News Analysis |
The Indian Army Chief General Bipin Rawat, in a message to the Kashmiri youth, has said that Azadi [freedom] is not possible, stating “we will always fight those who seek Azadi,” a media report stated. Rawat said that the forces haven’t been “so brutal” and asked the Kashmiri youth to look at Syria and Pakistan and see “how they are using tanks and air power in similar situations,” reported Indian Media.
Gen Rawat, according to the report, expressed concern over the Kashmiri youth “picking up guns” and said they were being misled to believe “this path will bring Azadi”.“I want to tell the Kashmiri youth that Azadi isn’t possible. It won’t happen. Don’t get carried away unnecessarily. Why are you picking up weapons? We will always fight those who seek Azadi, those who want to secede. (Azadi) is not going to happen, never,” he said.
On the number of militants being killed in the gunfights, he said: “These numbers don’t matter to me because I know this cycle will continue. There are fresh recruitments happening. I only want to stress that all this is futile, nothing is going to be achieved by this. You can’t fight the Army”.
The dispute began during the partition of the British occupied subcontinent, due to the refusal of the area’s hereditary ruler Hari Singh to comply with his people’s wishes, which led to a rebellion.
Gen Rawat said that he is perturbed by the killings. “We don’t enjoy it. But if you want to fight us, then we will fight you with all our force. Kashmiris have to understand that the SFs (security forces) haven’t been so brutal — look at Syria and Pakistan. They use tanks and air power in similar situations. Our troops have been trying their level best to avoid any civilian casualty despite huge provocation,’’ he said.
“I don’t understand why people are coming out in huge numbers to disrupt our operations. Who is inciting them? If they want that the militants aren’t killed, they should go and tell them to come out without their weapons so that nobody is killed,’’ he said. “Let anyone of them say — mein le kay aata hun (I will bring him out). We will halt our operation.”He said that the youth, by pelting them with stones, are “inciting security forces to become more aggressive.”
General Rawat said that he understands that “there isn’t a military solution to this issue”. “This is why we want politicians and political representatives to go into villages, especially in South Kashmir, to talk to people. “However, they are scared that they will be attacked,’’ he said. “It will happen once there is calm and we are hopeful that people will soon realize that all this is futile and start thinking differently”.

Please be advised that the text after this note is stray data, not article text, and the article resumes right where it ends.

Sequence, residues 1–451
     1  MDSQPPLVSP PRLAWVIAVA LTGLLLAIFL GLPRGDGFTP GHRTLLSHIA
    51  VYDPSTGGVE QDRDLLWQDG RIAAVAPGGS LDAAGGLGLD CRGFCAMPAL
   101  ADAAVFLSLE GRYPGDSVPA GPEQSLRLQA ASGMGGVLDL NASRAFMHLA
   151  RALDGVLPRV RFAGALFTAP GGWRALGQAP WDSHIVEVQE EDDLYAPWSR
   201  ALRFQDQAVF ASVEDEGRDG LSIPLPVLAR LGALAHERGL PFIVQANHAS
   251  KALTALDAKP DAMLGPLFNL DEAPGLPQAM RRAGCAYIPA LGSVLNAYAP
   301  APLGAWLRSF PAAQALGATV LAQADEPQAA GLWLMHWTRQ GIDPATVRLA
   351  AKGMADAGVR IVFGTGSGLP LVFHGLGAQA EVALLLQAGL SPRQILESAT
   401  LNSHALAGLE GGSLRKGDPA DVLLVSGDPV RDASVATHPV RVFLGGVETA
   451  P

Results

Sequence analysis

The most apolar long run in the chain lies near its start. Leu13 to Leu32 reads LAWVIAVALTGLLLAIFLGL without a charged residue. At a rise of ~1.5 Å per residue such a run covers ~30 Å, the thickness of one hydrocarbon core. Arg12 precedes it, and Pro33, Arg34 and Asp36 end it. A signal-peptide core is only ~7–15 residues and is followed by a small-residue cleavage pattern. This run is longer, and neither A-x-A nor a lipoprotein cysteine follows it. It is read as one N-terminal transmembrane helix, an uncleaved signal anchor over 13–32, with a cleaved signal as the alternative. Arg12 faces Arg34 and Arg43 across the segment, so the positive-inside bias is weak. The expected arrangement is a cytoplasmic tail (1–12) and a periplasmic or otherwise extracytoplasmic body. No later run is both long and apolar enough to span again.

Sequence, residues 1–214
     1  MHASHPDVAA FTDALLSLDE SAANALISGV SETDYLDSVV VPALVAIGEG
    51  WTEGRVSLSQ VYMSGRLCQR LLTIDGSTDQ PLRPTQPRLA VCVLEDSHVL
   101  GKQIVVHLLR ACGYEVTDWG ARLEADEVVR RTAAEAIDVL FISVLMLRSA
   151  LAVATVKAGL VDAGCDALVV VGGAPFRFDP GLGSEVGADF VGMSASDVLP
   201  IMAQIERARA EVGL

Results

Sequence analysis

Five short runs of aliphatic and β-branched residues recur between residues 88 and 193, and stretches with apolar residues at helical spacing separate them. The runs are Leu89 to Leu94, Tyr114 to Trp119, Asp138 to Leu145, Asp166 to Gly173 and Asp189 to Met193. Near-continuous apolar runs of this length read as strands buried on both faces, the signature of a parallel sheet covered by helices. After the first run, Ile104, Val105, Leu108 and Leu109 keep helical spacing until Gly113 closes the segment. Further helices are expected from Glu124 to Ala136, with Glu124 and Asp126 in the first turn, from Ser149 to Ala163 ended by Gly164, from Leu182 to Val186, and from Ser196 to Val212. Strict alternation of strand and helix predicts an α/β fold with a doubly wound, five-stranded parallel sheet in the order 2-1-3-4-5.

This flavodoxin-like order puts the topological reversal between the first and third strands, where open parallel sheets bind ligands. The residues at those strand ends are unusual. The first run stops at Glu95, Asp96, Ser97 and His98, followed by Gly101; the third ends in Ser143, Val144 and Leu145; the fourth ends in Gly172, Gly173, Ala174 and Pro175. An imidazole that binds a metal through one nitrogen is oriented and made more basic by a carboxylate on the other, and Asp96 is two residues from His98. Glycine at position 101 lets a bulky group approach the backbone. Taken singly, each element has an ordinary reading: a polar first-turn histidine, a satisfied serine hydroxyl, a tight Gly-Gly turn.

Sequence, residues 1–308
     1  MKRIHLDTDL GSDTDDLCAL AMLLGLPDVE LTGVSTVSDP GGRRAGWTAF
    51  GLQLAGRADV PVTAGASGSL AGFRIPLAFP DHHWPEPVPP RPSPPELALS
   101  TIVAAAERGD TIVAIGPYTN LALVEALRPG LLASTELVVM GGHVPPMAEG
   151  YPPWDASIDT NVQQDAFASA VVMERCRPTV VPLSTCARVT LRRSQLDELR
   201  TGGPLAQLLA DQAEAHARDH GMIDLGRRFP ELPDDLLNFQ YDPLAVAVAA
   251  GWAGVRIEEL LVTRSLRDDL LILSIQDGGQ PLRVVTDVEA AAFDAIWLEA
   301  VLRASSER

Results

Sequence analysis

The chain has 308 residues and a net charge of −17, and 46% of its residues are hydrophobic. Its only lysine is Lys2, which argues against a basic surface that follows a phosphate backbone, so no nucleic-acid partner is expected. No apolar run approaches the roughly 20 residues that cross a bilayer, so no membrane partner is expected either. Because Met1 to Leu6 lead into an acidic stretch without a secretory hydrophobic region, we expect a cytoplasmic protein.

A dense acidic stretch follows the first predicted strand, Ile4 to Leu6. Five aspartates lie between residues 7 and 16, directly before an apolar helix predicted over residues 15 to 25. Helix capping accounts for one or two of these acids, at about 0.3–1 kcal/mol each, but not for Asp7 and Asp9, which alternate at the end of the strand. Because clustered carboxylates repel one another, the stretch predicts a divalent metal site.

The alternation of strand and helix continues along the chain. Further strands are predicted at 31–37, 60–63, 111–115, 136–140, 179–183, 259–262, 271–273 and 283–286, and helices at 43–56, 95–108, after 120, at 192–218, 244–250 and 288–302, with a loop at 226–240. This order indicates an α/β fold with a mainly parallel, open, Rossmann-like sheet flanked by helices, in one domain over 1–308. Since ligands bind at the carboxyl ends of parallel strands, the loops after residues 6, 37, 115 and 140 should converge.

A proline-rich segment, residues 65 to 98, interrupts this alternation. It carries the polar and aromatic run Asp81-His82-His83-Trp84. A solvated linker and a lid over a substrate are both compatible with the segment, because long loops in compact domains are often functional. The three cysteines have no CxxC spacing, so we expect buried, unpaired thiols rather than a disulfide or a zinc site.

The Army chief said he is “ready to suspend” military operations to avoid civilian casualties. “But who will guarantee that there won’t be fire at our men, at our vehicles? Who will guarantee that policemen, political workers, our men returning home on leave aren’t attacked, aren’t killed?’’ he asked.
Rawat said that the forces haven’t been “so brutal” and asked the Kashmiri youth to look at Syria and Pakistan and see “how they are using tanks and air power in similar situations,” reported Indian Media.
On Thursday, reacting to the Army Chief General Bipin Rawat’s remarks about the improbability of ‘Azadi,’ Hurriyat (M) led by Mirwaiz Umar Farooq y said the desire of people to be “masters of their own fate is far stronger than any military power”.
Further to this, Terming Army Chief General Bipin Rawat’s remarks as “illogical”, Jammu and Kashmir Liberation Front (JKLF) chairman Yasin Malik said he “needs to revisit basic historical facts before issuing such threats”. In a statement issued, a JKLF spokesperson, quoting Malik said: “General Rawat needs to revisit basic historical facts before issuing such threats to a nation that has resolved to achieve freedom”.
The region of Kashmir is a flashpoint between the two nuclear-armed powers of South Asia. The dispute began during the partition of the British occupied subcontinent, due to the refusal of the area’s hereditary ruler Hari Singh to comply with his people’s wishes, which led to a rebellion. Faced with losing his fiefdom to the people’s army aided by tribesman from across the border, the ruler acquiesced to India in return for military aid. This led to a war between newly found India and Pakistan and later on the division of Kashmir into Azad Kashmir and IOK.
However, the Indian militarization was unable to break the will of the Kashmiri populace desiring self-determination. Despite agreeing to an UN-ordered plebiscite, India has not fulfilled its promise and instead, it turned Kashmir into the most militarized zone on Earth.
Torture, rape, psychological oppression, vandalizing of property and enforced disappearances are few methods of the sustained terror campaign unleashed by the state of India, after violence broke out in the valley in 1988. It seems that in contrast to New Delhi’s narrative, Rawat’s threats to the Kashmiri youth has revealed the Indian design of viewing Kashmir as a colony instead of an integral part.